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Letter of Recommendation

Your letters of recommendation are among the most important elements of your application. Strong, personal and well-developed letters can do wonders to mitigate weaknesses in your profile and/or highlight your potential for top management. By the same token, weak, "by the numbers" recommendations add little value to your dossier, and can actually hurt your chances if it appears the recommender hasn't taken an interest in your case.

So what makes a strong recommendation? The writer should know you well, be able to give specifics about your abilities and potential, and ideally have firsthand knowledge of your professional work. Your immediate boss is a perfect choice (in fact a required choice for some programs). It's fine to go higher up the corporate ladder so long as the writer is still someone who knows you well. Letters from professors are generally discouraged, which underlines how difficult it is to get admitted without professional experience. Recommendations from family "friends" or connections are also discouraged, unless the writer happens to be an alumnus of the program to which you're applying. Finally, if your line of work permits, satisfied clients are often excellent choices to write recommendations.

While you can't control the content, try your best to "coach" your writer on what constitutes a strong recommendation. Specific stories are great, especially if they provide clear, even quantified, details about how you added value to your company. The writer should also point to instances where you displayed those all-important leadership skills, or explain that even though you haven't had the chance to lead, you still have what it takes. A strong ending is a statement of unequivocal support in you as a candidate, and the desire to keep in touch with you as you develop your career. Get the picture?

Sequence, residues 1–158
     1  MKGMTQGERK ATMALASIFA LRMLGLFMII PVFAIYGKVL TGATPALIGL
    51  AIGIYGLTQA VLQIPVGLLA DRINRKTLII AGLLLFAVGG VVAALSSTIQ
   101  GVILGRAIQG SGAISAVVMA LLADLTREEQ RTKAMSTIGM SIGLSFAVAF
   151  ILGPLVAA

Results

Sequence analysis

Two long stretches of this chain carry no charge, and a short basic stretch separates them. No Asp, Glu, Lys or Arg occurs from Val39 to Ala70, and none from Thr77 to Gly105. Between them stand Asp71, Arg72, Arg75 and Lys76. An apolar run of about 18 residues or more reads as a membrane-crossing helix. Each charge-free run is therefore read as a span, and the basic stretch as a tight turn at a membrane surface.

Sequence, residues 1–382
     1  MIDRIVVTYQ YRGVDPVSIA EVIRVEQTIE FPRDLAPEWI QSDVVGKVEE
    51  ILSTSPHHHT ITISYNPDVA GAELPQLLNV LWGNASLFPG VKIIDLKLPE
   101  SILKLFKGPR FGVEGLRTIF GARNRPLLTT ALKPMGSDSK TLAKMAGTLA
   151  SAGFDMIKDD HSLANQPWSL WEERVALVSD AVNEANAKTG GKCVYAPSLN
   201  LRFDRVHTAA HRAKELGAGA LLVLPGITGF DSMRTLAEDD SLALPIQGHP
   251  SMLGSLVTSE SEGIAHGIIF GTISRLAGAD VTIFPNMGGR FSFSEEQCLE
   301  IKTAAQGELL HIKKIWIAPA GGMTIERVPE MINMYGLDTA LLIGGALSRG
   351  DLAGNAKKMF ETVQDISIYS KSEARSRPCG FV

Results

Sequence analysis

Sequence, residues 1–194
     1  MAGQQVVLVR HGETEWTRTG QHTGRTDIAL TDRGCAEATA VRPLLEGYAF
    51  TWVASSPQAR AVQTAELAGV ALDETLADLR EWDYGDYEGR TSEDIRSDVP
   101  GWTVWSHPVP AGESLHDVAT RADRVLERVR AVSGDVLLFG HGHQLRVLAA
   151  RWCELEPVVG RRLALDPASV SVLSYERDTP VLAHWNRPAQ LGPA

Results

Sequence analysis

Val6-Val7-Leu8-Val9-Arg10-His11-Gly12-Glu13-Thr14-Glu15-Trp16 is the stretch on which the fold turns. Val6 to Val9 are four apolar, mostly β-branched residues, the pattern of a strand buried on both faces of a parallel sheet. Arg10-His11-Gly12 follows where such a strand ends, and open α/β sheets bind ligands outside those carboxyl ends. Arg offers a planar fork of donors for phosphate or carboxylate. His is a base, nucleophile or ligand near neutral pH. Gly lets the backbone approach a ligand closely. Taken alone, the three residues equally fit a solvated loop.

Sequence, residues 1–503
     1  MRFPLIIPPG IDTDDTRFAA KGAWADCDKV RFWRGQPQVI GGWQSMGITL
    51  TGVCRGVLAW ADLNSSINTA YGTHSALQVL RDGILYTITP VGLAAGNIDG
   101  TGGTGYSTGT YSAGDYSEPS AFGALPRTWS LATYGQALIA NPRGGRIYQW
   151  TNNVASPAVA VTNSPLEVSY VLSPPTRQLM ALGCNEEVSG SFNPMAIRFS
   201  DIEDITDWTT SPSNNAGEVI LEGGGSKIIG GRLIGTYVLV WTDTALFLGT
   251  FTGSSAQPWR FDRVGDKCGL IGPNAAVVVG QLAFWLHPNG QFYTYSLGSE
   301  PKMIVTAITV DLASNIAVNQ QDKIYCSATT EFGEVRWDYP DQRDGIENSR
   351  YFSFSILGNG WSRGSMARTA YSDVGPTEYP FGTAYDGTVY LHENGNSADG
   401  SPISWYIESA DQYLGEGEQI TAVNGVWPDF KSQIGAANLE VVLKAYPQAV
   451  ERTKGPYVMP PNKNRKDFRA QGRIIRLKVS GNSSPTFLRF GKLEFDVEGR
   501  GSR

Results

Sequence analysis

As you can now see, your letters of recommendation will require considerable time and care. They should be requested at least eight weeks before your target posting date, and you should take care to gently monitor your writers' progress so that deadlines aren't missed.

Ten Tips for Writing an Outstanding Reference Letter

1. Review a copy of the applicant's personal statement or application essays so that your letter of recommendation can dovetail with--not conflict with or duplicate--the rest of the application.

2. Ask the applicant to supply you with additional information like a résumé.

3. Describe your qualifications for comparing the applicant to other applicants.

4. Discuss how well you know the applicant.

5. Choose two to three qualities that you observed in the applicant.

6. In discussing those qualities, support your statements with specific instances in which he or she demonstrated those attributes. Be as concrete and detailed as possible

7. Try to quantify the student's strengths or rank him or her vis a vis other applicants that you have observed.

8. Avoid generalities and platitudes.

9. Include some mild criticism, typically the flip-side of a strength.

10. Discuss the applicant's potential in his or her chosen field.

 

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